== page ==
New Qualcomm Life Subsidiary Rolls Out Wireless Health System
As the third annual mHealth Summit convenes today near Washington, D.C., San Diego-based Qualcomm (NASDAQ: QCOM) says it has formed a new subsidiary, Qualcomm Life, from its wireless health business unit. The wireless technology giant says it also has established a $100 million wireless health investment fund that will be managed by Qualcomm Ventures.
Qualcomm Life is headed by Rick Valencia, a former CEO at San Diego-based ProfitLine who joined Qualcomm a little over a year ago. Valencia previously helped to launch ProfitLine’s multi-billion dollar telecommunications management services business. Qualcomm’s wireless health guru, Don Jones, continues in a similar role at Qualcomm Life as vice president of global strategy and market development.
As part of today’s announcement, Qualcomm also unveiled the 2net Platform and Hub, and a video explaining the technology is available here.
The 2net Hub is a product that plugs into a standard electric outlet—it resembles a simple wireless router—and serves as a gateway to the 2net Platform, which operates as a technology-agnostic, cloud-based service. The platform serves as a kind of universal translator and intermediary that addresses one of the intractable challenges amid the convergence of different wireless health devices, technologies, standards, and systems. Data from the 2net Hub, a user’s mobile phone, or other gateways, is sent to the 2net Platform, where it is encrypted and made available in the cloud to patients, physicians, and other appropriate users. Qualcomm says the system meets medical privacy requirements and works with multiple carriers.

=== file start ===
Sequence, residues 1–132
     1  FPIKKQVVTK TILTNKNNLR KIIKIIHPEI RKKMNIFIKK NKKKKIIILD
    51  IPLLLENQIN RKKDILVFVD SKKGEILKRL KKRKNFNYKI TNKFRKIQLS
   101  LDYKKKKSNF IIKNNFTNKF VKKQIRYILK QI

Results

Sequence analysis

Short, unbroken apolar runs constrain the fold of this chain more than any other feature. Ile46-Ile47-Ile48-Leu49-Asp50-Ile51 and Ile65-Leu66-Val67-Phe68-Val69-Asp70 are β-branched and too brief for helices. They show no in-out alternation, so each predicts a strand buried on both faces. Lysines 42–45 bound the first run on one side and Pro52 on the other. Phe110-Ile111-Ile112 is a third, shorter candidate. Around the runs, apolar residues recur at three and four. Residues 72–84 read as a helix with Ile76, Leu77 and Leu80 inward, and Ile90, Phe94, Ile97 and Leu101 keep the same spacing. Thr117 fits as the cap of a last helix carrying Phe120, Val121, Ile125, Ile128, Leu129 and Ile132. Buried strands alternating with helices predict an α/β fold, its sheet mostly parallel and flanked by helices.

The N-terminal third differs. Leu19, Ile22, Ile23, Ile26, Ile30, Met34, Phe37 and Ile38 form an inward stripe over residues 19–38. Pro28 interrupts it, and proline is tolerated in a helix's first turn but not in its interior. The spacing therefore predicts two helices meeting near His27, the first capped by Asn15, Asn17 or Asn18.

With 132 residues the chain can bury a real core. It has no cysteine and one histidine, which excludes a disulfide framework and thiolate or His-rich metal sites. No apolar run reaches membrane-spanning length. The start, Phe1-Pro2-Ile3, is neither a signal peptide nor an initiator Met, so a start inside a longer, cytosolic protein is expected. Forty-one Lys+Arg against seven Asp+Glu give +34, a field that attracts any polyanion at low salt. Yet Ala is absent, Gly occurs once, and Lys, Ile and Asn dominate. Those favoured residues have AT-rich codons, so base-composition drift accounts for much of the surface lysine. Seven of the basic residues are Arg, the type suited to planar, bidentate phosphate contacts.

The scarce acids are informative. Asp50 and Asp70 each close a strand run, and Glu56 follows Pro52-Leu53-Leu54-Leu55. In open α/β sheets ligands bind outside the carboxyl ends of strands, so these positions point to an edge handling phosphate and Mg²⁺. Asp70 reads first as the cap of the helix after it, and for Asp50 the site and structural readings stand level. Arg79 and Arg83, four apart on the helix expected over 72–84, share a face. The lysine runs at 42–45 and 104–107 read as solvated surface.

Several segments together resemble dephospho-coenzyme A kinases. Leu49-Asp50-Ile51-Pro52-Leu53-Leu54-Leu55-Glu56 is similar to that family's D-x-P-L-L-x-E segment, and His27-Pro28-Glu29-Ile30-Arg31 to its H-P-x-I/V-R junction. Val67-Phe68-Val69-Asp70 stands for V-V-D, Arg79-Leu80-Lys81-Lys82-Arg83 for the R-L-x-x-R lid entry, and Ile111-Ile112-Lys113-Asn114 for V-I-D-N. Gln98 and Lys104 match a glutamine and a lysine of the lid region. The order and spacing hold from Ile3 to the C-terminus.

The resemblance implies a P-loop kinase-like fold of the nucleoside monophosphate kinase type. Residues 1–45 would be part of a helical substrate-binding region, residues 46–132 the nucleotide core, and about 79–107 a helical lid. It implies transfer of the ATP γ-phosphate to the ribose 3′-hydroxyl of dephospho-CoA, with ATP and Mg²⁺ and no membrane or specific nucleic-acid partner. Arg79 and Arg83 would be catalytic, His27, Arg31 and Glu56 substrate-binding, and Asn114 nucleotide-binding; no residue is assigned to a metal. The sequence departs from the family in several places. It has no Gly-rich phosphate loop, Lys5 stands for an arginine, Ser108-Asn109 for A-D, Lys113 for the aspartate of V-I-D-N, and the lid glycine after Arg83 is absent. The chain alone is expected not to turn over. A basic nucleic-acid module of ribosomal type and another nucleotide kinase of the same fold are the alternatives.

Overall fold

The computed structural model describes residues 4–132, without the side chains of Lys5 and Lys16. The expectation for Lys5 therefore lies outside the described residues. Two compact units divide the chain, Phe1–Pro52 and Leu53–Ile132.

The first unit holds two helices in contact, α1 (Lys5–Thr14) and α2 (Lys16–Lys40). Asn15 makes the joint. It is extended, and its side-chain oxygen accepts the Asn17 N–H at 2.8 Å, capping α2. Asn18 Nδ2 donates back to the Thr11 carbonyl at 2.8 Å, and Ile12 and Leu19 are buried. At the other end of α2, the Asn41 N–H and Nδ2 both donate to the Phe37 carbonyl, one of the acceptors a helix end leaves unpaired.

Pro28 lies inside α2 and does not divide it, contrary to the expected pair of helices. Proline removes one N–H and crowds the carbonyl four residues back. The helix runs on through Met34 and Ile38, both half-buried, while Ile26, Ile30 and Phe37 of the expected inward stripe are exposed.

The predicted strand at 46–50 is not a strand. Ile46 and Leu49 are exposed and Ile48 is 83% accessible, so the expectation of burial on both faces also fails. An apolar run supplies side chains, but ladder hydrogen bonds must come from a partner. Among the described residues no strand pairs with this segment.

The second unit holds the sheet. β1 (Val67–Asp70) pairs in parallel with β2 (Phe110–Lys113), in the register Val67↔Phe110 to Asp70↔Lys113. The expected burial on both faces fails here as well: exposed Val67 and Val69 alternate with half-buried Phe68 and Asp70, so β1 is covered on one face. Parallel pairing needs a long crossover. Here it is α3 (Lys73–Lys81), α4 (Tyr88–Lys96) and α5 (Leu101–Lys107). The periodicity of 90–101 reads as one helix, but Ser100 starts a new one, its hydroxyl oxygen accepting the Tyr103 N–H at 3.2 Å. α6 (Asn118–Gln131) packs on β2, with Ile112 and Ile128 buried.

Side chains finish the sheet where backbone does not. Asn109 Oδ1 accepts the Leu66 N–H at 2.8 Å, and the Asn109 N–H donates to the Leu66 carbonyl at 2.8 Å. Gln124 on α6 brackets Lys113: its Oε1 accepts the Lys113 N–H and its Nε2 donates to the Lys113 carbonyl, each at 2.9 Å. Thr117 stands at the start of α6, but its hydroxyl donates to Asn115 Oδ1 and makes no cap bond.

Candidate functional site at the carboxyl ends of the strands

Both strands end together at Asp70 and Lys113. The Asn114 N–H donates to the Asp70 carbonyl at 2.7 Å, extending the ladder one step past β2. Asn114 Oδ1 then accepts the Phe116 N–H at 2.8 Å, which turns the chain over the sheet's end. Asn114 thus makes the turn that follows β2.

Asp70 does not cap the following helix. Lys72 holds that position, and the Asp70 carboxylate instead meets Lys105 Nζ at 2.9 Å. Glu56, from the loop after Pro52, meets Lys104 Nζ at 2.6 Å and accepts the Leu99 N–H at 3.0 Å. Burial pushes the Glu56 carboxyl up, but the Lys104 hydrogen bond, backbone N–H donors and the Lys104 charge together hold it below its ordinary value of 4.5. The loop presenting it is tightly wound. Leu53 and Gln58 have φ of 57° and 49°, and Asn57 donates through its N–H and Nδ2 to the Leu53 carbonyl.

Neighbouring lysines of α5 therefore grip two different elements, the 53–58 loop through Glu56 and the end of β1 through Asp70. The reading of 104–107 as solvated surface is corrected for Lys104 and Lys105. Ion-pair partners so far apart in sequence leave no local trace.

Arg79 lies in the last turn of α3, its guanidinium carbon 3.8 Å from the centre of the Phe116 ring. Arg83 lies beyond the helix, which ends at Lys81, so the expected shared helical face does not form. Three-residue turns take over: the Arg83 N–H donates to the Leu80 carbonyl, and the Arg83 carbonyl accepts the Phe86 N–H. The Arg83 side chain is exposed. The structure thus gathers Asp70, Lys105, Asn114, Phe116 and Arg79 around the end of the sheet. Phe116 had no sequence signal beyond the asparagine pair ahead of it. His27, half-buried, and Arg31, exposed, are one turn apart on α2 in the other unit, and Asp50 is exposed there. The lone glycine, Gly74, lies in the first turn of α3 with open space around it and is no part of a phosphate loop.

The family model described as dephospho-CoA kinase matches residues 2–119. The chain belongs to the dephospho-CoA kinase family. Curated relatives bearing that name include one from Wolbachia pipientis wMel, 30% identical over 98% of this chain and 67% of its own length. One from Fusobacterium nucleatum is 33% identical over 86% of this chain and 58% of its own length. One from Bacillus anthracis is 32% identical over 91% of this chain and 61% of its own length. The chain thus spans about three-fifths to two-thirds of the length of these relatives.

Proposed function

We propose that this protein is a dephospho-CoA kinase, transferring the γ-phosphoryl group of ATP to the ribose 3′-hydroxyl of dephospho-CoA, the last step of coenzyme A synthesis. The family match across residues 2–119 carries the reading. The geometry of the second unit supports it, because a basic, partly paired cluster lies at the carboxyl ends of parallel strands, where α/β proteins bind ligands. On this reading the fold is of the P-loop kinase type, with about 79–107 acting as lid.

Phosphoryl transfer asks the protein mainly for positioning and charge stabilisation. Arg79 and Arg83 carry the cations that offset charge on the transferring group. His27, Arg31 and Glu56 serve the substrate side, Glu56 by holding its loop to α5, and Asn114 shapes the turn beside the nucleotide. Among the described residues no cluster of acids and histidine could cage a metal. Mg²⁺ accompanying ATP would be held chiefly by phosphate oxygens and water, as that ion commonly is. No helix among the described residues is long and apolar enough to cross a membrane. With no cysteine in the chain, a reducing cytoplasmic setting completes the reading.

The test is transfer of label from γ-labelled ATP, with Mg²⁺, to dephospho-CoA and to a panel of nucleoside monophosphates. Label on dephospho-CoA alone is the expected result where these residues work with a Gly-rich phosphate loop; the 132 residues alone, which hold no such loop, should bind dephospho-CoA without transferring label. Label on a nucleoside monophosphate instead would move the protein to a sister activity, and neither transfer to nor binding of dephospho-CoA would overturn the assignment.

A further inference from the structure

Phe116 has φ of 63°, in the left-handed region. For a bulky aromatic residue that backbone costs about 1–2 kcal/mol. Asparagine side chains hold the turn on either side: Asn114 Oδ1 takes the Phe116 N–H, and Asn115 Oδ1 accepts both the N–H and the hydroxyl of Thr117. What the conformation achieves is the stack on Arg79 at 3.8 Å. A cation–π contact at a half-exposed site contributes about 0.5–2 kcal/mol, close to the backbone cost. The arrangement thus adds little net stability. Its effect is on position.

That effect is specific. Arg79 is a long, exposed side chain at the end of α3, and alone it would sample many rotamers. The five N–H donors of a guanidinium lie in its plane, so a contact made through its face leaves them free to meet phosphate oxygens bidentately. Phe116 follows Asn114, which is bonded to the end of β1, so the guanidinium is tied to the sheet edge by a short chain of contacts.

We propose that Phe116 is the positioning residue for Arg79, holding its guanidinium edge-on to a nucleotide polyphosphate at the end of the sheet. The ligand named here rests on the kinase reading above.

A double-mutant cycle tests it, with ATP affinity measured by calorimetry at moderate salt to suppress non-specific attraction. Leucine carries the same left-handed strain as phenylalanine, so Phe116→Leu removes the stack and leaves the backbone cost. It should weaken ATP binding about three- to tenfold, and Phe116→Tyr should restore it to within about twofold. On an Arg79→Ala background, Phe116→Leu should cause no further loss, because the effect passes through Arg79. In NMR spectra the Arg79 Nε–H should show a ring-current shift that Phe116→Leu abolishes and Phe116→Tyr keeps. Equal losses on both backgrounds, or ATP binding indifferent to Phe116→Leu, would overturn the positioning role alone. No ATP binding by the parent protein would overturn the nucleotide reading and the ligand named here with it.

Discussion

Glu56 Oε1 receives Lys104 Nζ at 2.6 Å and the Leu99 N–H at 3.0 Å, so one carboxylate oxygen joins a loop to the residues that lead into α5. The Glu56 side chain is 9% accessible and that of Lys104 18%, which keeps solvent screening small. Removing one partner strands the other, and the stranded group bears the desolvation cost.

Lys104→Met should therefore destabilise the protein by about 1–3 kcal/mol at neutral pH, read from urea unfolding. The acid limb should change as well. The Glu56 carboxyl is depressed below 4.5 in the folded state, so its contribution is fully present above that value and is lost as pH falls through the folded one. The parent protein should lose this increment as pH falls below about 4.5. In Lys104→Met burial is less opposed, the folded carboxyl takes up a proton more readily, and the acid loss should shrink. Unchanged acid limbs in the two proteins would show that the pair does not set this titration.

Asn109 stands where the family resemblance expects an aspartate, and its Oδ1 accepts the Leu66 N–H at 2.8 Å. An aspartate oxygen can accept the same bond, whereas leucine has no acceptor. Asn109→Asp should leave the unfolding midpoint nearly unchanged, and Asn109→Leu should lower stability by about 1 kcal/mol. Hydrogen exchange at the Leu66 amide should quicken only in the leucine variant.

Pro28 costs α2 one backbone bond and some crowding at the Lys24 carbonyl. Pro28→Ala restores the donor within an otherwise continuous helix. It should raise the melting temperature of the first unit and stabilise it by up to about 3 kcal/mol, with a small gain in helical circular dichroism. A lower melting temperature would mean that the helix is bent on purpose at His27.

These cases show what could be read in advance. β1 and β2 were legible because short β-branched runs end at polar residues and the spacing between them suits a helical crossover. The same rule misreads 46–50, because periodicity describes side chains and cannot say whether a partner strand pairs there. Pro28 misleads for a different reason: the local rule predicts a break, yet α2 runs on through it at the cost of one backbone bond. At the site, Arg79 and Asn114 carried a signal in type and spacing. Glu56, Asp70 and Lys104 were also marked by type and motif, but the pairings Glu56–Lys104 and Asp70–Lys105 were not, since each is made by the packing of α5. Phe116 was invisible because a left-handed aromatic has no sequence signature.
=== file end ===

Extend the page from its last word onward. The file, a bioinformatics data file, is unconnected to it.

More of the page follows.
Qualcomm says its 2net Platform and Hub, which are on display at the three-day conference in National Harbor, MD, and will transfer, store, convert, and display a variety of medical device data. More than 40 customers and collaborators are either considering or already integrating with its 2net ecosystem, including Pittsburgh, PA-based BodyMedia, New York’s Hello Health, and San Diego-based ResMed.
In today’s statement, Valencia says, “Qualcomm Life was founded, in part, to assist medical device manufacturers who approached Qualcomm for help when their own wireless connectivity attempts became untenable due to technology selection errors, unscalable deployment models and prohibitively high operational support costs.”
Qualcomm’s 2net Hub device resembles a simple wireless router. Qualcomm says it “seamlessly connects to integrated partner medical devices via shortwave radio, uploading biometric data over the cellular network to the 2net Platform’s data center.”
The company describes its platform and hub as the core for a technology “ecosystem.” Qualcomm also says the devices are individually listed with the FDA as Medical Device Data Systems (MDDS).